A Eulogy At The Funeral of the NBA Dunk Contest

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A Eulogy At The Funeral of the NBA Dunk Contest
Jed Jacobsohn/Getty Images

The Dunk Contest has lived an amazing life, even though it was relatively short.

The Dunk Contest was a great friend. The kind of friend that gave you entertainment and joy during a time of dullness (nobody cares about the Celebrity Game, the Skills Challenge, or anything else for that matter).

The Dunk Contest was always something to look forward to, to get excited about, and to see what would happen next.

I remember my Dad telling me about the first Dunk Contest.

As a player (not participating in the contest), he was sitting courtside. No, his clothes were not outfitted by the latest designer of the day, unlike what you see today from players, and no he didn’t bring his kids, girlfriends, or anything else for that matter.

These players just sat and watched because it was a show. They weren’t there to be seen, but to watch. He remembers the night like it was yesterday.

There was an aura in the crowd, this was something nobody had ever really seen before, and plenty of uncertainity. A teammate of my Dad’s, Dr. J was the show that night, and when he stepped to the opposite end of the court to prepare for his launch from the free throw line, the crowd stood and gasped in anticipation.

My Dad turned and made a bet with a friend, “He doesn’t make it from the free throw line.” Dr. J drives the length of the floor, launches himself and throws it down. My Dad wins the bet.

Dr. J stepped on the line and my Dad is a stickler. Everybody else remembers the gravity-defying dunk from the free throw line.

What is it that we remember when we think of the Dunk Contest?

I remember watching my first dunk contests in the early to mid-eighties. I remember Larry Nance throwing two basketball downs in one dunk, I remember Terence Stansbury pulling off the “Statue of Liberty”, and I remember Vince Carter’s between-the-legs dunk.

Most importantly, I remember the ‘Nique and Jordan battles that were like Ali vs. Frazier to us kids. I remember ‘Nique getting screwed in Chicago, and I remember after the dunk contest my brother and I trying to pull off their dunks on a Nerf hoop into the middle of the night because we were so amped up.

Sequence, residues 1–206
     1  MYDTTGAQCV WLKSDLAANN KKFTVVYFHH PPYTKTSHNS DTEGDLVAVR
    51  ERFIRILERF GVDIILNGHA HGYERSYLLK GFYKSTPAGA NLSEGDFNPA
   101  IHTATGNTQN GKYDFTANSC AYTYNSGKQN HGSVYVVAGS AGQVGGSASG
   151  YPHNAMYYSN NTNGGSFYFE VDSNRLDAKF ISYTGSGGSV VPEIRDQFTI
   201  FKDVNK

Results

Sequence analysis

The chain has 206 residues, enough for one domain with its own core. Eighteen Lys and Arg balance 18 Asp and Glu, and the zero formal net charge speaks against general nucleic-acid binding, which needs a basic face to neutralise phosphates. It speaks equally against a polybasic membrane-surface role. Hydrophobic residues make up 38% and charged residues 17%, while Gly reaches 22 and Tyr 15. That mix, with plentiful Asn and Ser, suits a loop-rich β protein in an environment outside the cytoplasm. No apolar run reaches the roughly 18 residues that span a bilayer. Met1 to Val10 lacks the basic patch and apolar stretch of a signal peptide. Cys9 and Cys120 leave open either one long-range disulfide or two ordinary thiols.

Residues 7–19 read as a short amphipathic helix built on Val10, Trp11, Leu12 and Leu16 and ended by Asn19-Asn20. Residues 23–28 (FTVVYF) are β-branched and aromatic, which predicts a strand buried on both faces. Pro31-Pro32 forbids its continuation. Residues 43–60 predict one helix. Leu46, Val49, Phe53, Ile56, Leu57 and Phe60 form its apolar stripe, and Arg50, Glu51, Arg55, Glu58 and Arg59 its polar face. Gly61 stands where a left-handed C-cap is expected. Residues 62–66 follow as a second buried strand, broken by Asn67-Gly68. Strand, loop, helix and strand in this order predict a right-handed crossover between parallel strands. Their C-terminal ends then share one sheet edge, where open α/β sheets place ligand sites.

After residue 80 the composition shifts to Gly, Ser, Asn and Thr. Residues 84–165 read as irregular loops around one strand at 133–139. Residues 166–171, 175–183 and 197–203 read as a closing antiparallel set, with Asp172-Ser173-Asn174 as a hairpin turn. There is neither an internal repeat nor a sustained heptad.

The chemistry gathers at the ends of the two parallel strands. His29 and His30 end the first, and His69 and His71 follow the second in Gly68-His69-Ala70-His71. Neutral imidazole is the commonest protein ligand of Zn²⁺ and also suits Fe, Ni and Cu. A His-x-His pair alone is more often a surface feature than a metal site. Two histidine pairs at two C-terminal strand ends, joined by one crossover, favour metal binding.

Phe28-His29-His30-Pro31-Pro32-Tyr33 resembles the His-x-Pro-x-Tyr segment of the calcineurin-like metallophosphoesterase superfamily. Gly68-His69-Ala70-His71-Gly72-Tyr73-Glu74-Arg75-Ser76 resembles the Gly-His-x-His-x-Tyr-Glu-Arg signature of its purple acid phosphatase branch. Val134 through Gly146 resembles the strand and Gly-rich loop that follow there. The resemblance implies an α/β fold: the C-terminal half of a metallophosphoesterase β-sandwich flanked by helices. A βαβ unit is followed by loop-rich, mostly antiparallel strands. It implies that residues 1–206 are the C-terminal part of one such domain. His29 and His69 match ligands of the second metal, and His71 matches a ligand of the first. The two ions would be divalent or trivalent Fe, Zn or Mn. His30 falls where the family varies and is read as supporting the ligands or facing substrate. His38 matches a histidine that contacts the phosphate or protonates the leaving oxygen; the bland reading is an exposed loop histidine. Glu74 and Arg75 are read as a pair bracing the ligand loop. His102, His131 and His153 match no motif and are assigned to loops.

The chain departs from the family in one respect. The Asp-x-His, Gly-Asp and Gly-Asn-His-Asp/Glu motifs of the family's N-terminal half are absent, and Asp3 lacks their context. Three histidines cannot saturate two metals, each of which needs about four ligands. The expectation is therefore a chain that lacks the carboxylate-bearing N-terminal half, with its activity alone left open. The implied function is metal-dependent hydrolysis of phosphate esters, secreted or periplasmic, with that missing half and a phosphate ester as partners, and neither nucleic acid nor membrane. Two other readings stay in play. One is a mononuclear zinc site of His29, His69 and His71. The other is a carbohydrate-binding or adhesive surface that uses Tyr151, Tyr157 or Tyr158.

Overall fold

By the way, my “Kiss the Rim” Jordan dunk on the nerf hoop is a sight to be seen. I wish we had video, actually I am pretty sure we did videotape it. Alright, off to my Mom’s house to find it and post to Youtube.

Later on in my life, the dunk contest was still special. The J.R. Rider contest, the Vince Carter versus Tracy McGrady contest, and of course, the Desmond Mason vs. Jason Richardson contest.

All of these are remembered as classic nights spent with the boys drinking beers and being amazed by a man’s ability to soar to the rim in death defying acrobatics.

All of these dunk contests were special. They were a spectacle, they were magical, and above all else, they were a show. Seeing the dunk contest in its current state is like taking my grandmother to bingo night in her retirement home in Florida. Both of my Grandmothers are dead.

I question whether I don’t like the dunk contest as much because I am not still a kid.

I ask if there are kids out there trying to pull of a “Nate Robinson Dunk” on their nerf hoop on Saturday night? I doubt it.

I question whether anybody will even remember last weekend’s dunk contest. I am sitting here and can’t even remember the dunks. I believe Reggie Miller was right on Saturday night that those dunks wouldn’t even be special at the Calabasas Rec Center.

So the Dunk Contest is lifeless, a vegetable, dead. What can we do to revive it?

For one, do not even have the dunk contest unless you have a couple of superstars. There used to be Jordan and Dominique, two of the best players in the game at that time. Not quite Nate Robinson vs. Demar Derozan is it?

If you don’t have two All-Stars to compete against one another, don’t have the contest. Remember, this is a show and you need stars to anchor the cast.

Next, I would change the format. Actually, I would scrap it altogether.

Giving a guy a minute and a half to get a dunk down is absurd.

There's so much time between dunks for players that they aren’t even warm anymore and there is way too much down time, which is boring.

My suggestion is to just put 30 minutes on the clock, or whatever the NBA wants to allot to it, and have the players separate into two lay-up lines.

Instead of four players in the contest, invite around 10.

Basically, you just have the players do warm-up lines and dunk one after another.

There are no rules, except that you get one dunk attempt at a time. After the allotted time, the fans vote for the best dunker; get rid of the judges because they screw up every single time there is a dunk contest. That is it.

I'm telling you it would be 10 times better than what we saw Saturday night, and the players would be warm and way more into the “show” because that is what it is.

Think about when you have been to an All-Star game or dunk contest, the warm-up lines are some of the best times. Creating an atmosphere like this will get players trying to one-up the other one in an exciting environment. Let's make it happen.

The Dunk Contest will forever be missed but I know, in the right time, I will meet the Dunk Contest again. We will all meet the Dunk Contest again and he’ll make us proud again and again.

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